When I was a kid, I spent a lot of time with my cousins and if we happened to be driving on Interstate 275, we would often pass a certain landmark that looked to me like a tall, white castle turret. Every time we saw it, we would ask, "What's that tower for?" and my Uncle Tom would tell us it was a drive-in movie theater.
The first few times we asked were probably really to refresh our memories, but the next 458 times we asked were because it was tradition to ask. And because it was funny. I think it was funny in part because we were fascinated by the story and maybe partly because we thought he was just pulling our little legs. But, true to form for my very wise uncle, he was right.
Of course at first the Sulphur Springs Water Tower, as it's called, was just a water tower. When it was operational, it stored 125,000 gallons of water pumped up from the nearby artesian springs. The upper quarter of the tower is occupied by the water tank, while seven floors with one room each constitute the remaining three quarters of the tower. It's a 231-foot tall building with eight-inch thick walls and it has a buttressed base on solid rock. It was designed to look like a medieval tower with slit windows and battlements crowning the holding tank.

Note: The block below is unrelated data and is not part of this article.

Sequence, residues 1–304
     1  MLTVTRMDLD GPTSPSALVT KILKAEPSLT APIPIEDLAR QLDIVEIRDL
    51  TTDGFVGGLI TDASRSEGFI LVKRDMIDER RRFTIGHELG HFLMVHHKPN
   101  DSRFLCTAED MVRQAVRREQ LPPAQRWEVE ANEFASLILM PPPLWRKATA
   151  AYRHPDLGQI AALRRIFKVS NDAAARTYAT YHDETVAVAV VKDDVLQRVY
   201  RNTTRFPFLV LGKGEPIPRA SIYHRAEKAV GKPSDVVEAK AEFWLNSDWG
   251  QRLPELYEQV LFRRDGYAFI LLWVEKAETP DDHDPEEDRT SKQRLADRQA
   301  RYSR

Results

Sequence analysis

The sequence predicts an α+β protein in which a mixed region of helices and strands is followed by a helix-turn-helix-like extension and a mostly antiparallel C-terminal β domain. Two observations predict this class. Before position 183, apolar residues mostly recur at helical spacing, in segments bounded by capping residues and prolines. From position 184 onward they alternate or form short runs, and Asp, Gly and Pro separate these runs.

Then in the 1970's it became the Tower Drive-In theater, of which my uncle spoke. I don't know if it's because he said so, whether teasingly or not, but I always imagined that the movie projector was inside the tower. That would have been cool. But I also imagined that when we moved to Florida shortly after my seventh birthday that we'd be living in grass huts on the beach, so let's leave my imagination out of this.
In 2002, a large drug store chain wanted to build on the site but there was a public outcry big enough to stop it. Instead, the City of Tampa bought it and had it cleaned up, which was no small task considering it had been sealed shut and left to nature for more than ten years. Can you say pigeon potty, cockroach heaven, and yes, even an eel had found its way inside.
It is now a part of River Tower Park, where in recent years there have sometimes been free concerts given by The Florida Orchestra or free movies shown by The Tampa Theatre. The tower remains as an historical landmark and for some, like me, as an iconic reminder of the past, childhood, history, and memories.